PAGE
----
A few weeks ago Davis McClellan spent four hours playing in a Fortnite tournament on his computer.
The popular video game pits 100 players against each other in a 'shoot 'em up' battle to the death.
Davis finished in 7th place and made $37,000.
"I'm pretty good at Fortnite," the 17-year-old said in a modest voice.
As a professional eSports player, Davis can make thousands of dollars just for being good at a video game. Like many kids, teens, and even adults, Fortnite is his new obsession.
"I don't think I've seen any other game get as big as this in the time it has," McClellan said.
Fortnite's entry onto he eSports landscape comes with the largest prize pool in history. During its first competitive season, the game's developer, Epic Games, will pay out more than $100 million in prize money.
"There's one tournament happening today, I think. First place is like $75,000. Someone is going to win that," he said.
McClellan's parents said they have no problem with how much Fortnite he plays because they see that his passion for gaming has turned into a successful career.
Not only does McClellan make money by playing professionally and streaming his Fortnite sessions on a Twitch, he's also a Fortnite tutor for kids and adults from around the world. The soon-to-be high school senior said he can make upwards of a $1,000 per month and never leave his bedroom.
"You can really learn a lot from other talented players," he said. "Fortnite has really brought a lot of attention to this and people can see that you should hire coaches for your kids. That's going to help them get better."
Fortnite and other games popular in the $900 million eSports industry are changing the conversation around video games.
What has historically been a child's play thing and something many parents warned their kids would rot their brains is not a pathway to a full-time career career, but not just for the players.
Fortnite's popularity is also inspiring the next generation of web developers.
"The game is fun, but let's try to make one," said Matthew Lewis, an instructor at the iD Tech Camp at SMU.
At iD Tech Camps around the country, kids got the chance to spend their summer peeling back the curtain on Fortnite - learning how the levels are built before designing their own.
For campers like Luca Swaney, it's a glimpse into the professional world of a video game developer.
"I just thought maybe we could play some Fortnite. We could create some new maps that may or may not be able to go into the game. But you can really just see how everything was made, how the water flows, how the indents of the ground look against different textures," he said. "You appreciate the game more because you know how much effort was put in the game."
Braden Trawick said he wants to turn his Fortnite addiction into a career in the STEM (science, technology, engineering, and math) fields.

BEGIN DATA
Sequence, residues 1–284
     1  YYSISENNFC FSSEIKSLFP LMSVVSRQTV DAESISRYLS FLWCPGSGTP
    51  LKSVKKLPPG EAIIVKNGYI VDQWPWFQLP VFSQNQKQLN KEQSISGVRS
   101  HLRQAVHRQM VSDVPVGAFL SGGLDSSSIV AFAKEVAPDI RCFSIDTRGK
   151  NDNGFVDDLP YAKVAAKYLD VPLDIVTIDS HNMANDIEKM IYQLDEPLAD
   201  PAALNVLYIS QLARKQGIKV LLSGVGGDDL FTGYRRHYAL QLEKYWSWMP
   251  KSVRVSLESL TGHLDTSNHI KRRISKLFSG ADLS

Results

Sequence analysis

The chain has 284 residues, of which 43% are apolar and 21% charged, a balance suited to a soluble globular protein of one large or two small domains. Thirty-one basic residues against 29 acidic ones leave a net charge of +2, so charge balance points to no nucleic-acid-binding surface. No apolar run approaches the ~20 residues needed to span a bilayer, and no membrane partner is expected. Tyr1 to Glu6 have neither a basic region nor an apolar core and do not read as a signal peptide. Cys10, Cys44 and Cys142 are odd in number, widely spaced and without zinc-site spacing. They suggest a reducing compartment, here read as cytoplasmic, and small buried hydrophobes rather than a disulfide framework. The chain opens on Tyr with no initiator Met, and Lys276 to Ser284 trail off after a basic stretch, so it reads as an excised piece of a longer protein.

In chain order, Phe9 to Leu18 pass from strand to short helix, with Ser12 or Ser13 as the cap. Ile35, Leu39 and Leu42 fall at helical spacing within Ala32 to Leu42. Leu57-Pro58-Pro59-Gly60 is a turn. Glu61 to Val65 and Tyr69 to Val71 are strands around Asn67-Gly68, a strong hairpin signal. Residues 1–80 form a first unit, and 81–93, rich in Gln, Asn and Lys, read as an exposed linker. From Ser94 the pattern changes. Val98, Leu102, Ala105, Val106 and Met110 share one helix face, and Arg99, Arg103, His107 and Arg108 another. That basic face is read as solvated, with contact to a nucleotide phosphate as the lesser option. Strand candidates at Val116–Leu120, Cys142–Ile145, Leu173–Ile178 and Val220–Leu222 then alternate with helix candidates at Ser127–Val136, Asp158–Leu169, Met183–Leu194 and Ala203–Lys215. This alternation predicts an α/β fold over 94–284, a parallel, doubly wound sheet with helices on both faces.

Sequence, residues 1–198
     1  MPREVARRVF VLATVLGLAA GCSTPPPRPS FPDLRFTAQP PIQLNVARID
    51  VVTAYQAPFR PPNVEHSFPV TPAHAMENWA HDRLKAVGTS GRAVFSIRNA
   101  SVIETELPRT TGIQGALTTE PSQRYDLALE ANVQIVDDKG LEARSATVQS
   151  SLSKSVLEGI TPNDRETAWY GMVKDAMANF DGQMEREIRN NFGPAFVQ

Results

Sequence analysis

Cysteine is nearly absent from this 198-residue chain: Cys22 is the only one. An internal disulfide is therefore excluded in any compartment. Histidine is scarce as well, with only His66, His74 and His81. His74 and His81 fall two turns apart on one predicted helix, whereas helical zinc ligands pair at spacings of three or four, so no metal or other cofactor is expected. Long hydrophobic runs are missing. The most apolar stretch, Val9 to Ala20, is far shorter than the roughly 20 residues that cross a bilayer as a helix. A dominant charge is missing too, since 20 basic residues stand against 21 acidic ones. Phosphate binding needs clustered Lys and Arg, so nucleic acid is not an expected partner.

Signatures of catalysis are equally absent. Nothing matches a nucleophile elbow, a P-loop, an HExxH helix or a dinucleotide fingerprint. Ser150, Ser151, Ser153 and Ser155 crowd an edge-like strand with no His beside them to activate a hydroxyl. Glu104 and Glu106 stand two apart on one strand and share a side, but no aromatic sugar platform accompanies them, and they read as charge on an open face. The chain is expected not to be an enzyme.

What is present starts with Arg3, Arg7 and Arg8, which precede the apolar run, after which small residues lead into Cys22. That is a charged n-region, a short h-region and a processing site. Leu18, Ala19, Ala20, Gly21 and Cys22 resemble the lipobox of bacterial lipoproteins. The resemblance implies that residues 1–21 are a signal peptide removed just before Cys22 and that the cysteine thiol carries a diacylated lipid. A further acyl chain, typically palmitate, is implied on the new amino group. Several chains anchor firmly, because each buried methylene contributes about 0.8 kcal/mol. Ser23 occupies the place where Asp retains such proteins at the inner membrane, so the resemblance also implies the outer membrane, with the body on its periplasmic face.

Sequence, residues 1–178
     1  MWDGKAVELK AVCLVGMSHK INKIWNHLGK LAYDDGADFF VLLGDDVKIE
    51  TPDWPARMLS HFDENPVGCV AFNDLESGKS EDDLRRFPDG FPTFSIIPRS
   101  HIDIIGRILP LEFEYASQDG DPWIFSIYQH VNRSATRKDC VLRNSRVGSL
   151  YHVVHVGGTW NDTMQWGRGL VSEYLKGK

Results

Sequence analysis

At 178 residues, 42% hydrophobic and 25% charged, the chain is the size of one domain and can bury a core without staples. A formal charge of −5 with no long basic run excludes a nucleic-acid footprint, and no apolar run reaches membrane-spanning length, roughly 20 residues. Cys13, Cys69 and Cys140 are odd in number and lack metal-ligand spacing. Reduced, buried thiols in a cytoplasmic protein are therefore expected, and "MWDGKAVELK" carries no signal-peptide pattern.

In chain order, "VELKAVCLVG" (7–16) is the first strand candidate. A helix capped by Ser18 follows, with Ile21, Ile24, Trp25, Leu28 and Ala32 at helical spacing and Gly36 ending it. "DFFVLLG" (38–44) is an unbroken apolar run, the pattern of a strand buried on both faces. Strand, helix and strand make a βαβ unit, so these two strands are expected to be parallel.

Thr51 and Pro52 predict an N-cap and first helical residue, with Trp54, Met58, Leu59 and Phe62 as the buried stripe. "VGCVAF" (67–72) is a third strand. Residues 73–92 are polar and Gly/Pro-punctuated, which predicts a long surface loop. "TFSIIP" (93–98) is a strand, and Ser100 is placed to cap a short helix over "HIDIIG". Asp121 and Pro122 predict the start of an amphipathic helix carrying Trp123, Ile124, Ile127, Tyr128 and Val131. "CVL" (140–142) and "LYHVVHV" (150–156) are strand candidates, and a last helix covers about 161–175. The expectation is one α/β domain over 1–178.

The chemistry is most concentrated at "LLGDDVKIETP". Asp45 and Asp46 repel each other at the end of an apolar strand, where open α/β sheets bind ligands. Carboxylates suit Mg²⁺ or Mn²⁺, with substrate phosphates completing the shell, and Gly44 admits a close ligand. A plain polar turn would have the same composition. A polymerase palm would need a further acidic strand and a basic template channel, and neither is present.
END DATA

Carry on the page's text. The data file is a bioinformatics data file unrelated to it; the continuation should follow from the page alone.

"I'm doing something that 30-year-olds don't know how to do," he said. "My parents understand, but teachers just think that is a waste of time. I think it's a career opportunity. I can make this a career for me."
The boy's instructor, Matthew Lewis, said he felt the same way at their age. Now he teaches video game development.
"They can put it on their resume, like, 'I've been doing this since I was a kid,'" Lewis said. "Finding something that's relevant in today's market and then saying, 'I can probably do that,' is a big deal."
Long time video game developers like Mark Nausha said the more parents realize that video games can be a gateway to success, the better.
"There was less of us back then and then the gaming community just exploded. It's bigger than music and movies combined. There's just that many more people playing games, building games, making games," he said.
Nausha is the deputy director of the SMU Game Lab in the school's graduate video game design program, SMU Guildhall.
Nausha grew up in California pumping quarters into coin-operated machines. That led to a career as a developer at SEGA and Sony before he entered academia.
"I didn't know it was my thing, actually, until I got out of college. I had been playing my whole life and didn't realize this is actually an industry.
This is actually a career, it's not just a hobby," he said.
At SMU Guildhall students study video game programming, design, art, and production. Students get the chance to turn their ideas into an actual product. Inside the lab banners hang from the wall showing off the titles created by SMU students.
Nausha said the industry's growing popularity will continue to attract gamers, presenting them with numerous ways of turning their passion for playing into a profession.
"This isn't just my kid in a basement or my kid on the couch wasting time. There's an actual career and I think the more and more parents understand that and embrace that the better," he said.